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Implementation and maintenance of infant dietary diversity in Zimbabwe: contribution of food and water insecurity



Inadequate food and water resources negatively affect child health and the efficiency of nutrition interventions.


We used data from the SHINE trial to investigate the associations of food insecurity (FI) and water insecurity (WI) on mothers’ implementation and maintenance of minimum infant dietary diversity (MIDD). We conducted factor analysis to identify and score dimensions of FI (poor access, household shocks, low availability & quality), and WI (poor access, poor quality and low reliability). MIDD implementation (n = 636) was adequate if infants aged 12 months (M12) ate ≥ four food groups. MIDD maintenance (n = 624) was categorized into four mutually exclusive groups: A (unmet MIDD at both M12 and M18), B (unmet MIDD at M12 only), C (unmet MIDD at M18 only), and D (met MIDD at both M12 and M18). We used multivariable-adjusted binary logistic and multinomial regressions to determine likelihood of MIDD implementation, and of belonging to MIDD maintenance groups A-C (poor maintenance groups), compared to group D, respectively.


Low food availability & quality were negatively associated with implementation (OR = 0.81; 0.69, 0.97), and maintenance (ORB = 1.29; 1.07, 1.56). Poor water quality was positively associated with implementation (OR = 1.25; 1.08, 1.44), but inconsistently associated with maintenance, with higher odds of infants being in group C (OR = 1.39; 1.08, 1.79), and lower odds of being in group B (OR = 0.80; 0.66, 0.96).


Food security should be prioritized for adequate implementation and maintenance of infant diets during complementary feeding. The inconsistent findings with water quality indicate the need for further research on WI and infant feeding.

Peer Review reports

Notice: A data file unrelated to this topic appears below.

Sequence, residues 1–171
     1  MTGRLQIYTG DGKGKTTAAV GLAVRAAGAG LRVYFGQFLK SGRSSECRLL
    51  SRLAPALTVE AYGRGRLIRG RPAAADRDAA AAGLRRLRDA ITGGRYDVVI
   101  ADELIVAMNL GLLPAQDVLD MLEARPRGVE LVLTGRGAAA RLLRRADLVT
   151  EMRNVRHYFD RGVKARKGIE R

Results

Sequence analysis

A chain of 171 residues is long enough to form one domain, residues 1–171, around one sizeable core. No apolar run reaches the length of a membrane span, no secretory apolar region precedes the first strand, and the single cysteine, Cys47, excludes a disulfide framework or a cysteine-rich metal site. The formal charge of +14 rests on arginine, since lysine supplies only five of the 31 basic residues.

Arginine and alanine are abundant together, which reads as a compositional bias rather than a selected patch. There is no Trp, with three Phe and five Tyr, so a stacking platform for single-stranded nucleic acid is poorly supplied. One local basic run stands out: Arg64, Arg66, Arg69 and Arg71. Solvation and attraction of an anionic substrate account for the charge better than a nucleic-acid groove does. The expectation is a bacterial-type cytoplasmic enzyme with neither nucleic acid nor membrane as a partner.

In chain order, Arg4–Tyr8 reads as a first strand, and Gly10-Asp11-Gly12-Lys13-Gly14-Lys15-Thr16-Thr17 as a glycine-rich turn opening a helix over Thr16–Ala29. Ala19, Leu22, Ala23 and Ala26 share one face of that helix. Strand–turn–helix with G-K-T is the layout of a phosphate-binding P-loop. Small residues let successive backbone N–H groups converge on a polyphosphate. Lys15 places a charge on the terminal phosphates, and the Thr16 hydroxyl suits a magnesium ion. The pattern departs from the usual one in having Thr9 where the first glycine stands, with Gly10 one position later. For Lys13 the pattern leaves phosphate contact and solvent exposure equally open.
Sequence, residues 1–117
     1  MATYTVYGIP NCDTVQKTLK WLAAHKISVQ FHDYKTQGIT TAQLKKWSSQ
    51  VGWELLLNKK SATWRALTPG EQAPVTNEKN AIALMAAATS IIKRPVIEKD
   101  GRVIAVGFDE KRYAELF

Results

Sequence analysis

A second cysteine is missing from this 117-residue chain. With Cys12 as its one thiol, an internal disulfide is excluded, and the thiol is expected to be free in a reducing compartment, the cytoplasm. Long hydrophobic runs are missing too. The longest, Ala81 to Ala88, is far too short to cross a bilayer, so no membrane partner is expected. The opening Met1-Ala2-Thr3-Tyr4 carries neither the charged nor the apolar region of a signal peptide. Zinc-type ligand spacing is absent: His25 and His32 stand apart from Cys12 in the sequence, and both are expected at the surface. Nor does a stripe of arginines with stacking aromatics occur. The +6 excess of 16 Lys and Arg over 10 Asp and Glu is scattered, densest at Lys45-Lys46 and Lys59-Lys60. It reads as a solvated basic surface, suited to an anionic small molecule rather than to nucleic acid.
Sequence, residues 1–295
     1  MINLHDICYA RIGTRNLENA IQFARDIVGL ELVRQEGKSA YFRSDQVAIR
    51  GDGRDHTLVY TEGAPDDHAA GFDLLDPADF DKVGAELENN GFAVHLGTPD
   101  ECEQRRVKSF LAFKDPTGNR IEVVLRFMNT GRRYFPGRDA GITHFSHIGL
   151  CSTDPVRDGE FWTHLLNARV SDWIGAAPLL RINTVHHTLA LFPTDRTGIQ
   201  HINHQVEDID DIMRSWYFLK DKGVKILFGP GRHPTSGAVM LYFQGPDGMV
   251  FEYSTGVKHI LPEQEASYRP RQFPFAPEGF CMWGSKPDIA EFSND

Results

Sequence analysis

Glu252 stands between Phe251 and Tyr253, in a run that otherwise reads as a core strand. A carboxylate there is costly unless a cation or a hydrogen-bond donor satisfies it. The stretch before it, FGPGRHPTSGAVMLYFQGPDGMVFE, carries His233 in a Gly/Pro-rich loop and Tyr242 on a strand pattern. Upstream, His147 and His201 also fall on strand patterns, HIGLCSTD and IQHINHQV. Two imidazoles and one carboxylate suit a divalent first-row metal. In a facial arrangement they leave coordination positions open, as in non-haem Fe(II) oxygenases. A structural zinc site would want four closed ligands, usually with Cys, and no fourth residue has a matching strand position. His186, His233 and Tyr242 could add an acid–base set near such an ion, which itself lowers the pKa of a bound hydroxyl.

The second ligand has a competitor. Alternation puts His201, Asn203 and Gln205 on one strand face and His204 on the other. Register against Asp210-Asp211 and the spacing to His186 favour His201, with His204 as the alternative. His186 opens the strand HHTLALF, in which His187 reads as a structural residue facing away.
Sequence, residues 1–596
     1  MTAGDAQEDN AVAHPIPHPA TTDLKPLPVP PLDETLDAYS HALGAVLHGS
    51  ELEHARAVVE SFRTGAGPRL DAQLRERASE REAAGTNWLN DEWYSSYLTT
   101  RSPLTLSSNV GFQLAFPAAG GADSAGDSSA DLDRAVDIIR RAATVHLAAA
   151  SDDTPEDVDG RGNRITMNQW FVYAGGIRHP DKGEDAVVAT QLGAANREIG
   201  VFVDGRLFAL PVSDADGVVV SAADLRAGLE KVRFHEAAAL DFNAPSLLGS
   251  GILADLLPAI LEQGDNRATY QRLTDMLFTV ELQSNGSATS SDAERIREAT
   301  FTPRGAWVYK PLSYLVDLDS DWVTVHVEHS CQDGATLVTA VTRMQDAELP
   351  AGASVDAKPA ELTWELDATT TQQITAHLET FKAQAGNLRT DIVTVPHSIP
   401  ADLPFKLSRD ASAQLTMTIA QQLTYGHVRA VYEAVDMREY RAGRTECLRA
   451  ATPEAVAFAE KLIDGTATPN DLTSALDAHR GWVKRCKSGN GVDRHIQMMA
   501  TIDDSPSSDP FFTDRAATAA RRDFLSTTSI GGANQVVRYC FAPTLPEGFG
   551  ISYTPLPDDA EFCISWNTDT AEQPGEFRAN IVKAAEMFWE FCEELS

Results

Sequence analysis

Complementary feeding (CF) between 6–23 months is one of the most effective strategies to address chronic undernutrition such as stunting [1,2,3], which affects 21% of infants under five years old worldwide [4]. Indeed, most growth faltering occurs during this time interval, and is considered largely irreversible beyond two years of age [5]. Adequate nutrition during this early period of life is critical for child survival, growth, development and future achievement [6]. However, from six months onwards, breastmilk alone does not meet the growing infant’s caloric and nutrient needs [7]. The key practice then includes the gradual introduction of a diverse variety of age-appropriate foods with continued breastfeeding [8]. A study in 21 countries, including 12 in Africa, found that minimum infant dietary diversity (MIDD) is the CF indicator most consistently associated with positive growth patterns [9]. Although many countries have scaled up CF interventions [3], evidence from 80 low- and middle-income countries (LMICs) indicates that achieving MIDD remains a public health challenge [10]. Thus, inadequate CF may explain why nutrition education and/ or supplementation interventions have only modestly improved child growth [1, 11, 12]. There are several reasons for this: 1) infants have smaller stomachs and may not be able to ingest a lot in one feeding, thus requiring increased feeding frequencies; 2) mothers may not know what or how to feed the infants adequately, and; 3) socio-economic and environmental situations, social norms and cultural beliefs that hinder appropriate feeding practices. Therefore, advancing knowledge about how to improve implementation and maintenance of MIDD at large scale should be prioritized, especially among those who receive nutrition-specific interventions [13, 14].